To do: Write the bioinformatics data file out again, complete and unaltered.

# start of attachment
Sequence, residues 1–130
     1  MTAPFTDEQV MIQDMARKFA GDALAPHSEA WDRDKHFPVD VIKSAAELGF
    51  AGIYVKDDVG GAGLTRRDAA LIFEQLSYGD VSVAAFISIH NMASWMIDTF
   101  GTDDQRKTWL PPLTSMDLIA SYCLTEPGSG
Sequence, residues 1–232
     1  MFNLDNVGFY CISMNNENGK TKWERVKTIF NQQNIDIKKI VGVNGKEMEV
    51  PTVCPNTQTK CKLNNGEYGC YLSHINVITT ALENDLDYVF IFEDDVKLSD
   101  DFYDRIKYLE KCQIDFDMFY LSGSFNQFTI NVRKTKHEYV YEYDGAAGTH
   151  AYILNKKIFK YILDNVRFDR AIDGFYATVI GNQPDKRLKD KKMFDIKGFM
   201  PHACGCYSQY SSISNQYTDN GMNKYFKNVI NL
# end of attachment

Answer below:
Sequence, residues 1–130
     1  MTAPFTDEQV MIQDMARKFA GDALAPHSEA WDRDKHFPVD VIKSAAELGF
    51  AGIYVKDDVG GAGLTRRDAA LIFEQLSYGD VSVAAFISIH NMASWMIDTF
   101  GTDDQRKTWL PPLTSMDLIA SYCLTEPGSG
Sequence, residues 1–232
     1  MFNLDNVGFY CISMNNENGK TKWERVKTIF NQQNIDIKKI VGVNGKEMEV
    51  PTVCPNTQTK CKLNNGEYGC YLSHINVITT ALENDLDYVF IFEDDVKLSD
   101  DFYDRIKYLE KCQIDFDMFY LSGSFNQFTI NVRKTKHEYV YEYDGAAGTH
   151  AYILNKKIFK YILDNVRFDR AIDGFYATVI GNQPDKRLKD KKMFDIKGFM
   201  PHACGCYSQY SSISNQYTDN GMNKYFKNVI NL